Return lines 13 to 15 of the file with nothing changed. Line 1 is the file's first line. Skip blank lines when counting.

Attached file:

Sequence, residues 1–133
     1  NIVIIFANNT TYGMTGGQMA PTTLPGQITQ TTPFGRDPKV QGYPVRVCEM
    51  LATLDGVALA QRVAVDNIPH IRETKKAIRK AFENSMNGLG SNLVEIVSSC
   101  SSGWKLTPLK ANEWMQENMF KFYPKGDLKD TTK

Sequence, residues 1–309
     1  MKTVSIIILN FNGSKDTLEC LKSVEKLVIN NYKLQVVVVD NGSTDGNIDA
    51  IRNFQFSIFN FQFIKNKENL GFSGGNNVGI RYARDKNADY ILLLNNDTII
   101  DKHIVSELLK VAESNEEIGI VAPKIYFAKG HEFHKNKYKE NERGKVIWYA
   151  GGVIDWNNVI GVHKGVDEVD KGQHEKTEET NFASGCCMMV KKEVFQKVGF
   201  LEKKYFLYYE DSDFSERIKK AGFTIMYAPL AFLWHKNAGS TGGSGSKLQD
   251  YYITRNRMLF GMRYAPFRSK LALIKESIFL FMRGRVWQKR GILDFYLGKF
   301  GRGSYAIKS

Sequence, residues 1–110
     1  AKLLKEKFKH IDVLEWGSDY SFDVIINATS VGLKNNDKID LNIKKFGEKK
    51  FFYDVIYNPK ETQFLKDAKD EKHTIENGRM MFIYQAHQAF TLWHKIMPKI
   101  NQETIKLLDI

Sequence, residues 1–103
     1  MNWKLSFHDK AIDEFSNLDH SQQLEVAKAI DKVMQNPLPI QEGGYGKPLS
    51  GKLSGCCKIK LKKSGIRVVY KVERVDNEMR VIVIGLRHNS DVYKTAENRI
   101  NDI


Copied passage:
Sequence, residues 1–110
     1  AKLLKEKFKH IDVLEWGSDY SFDVIINATS VGLKNNDKID LNIKKFGEKK
    51  FFYDVIYNPK ETQFLKDAKD EKHTIENGRM MFIYQAHQAF TLWHKIMPKI